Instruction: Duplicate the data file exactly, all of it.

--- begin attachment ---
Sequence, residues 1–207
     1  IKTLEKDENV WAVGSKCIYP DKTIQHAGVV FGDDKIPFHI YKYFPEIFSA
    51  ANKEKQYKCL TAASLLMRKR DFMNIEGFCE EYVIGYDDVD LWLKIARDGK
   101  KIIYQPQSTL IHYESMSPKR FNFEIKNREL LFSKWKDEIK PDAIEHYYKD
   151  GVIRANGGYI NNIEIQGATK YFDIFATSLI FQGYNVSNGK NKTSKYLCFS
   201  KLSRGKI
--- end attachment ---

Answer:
Sequence, residues 1–207
     1  IKTLEKDENV WAVGSKCIYP DKTIQHAGVV FGDDKIPFHI YKYFPEIFSA
    51  ANKEKQYKCL TAASLLMRKR DFMNIEGFCE EYVIGYDDVD LWLKIARDGK
   101  KIIYQPQSTL IHYESMSPKR FNFEIKNREL LFSKWKDEIK PDAIEHYYKD
   151  GVIRANGGYI NNIEIQGATK YFDIFATSLI FQGYNVSNGK NKTSKYLCFS
   201  KLSRGKI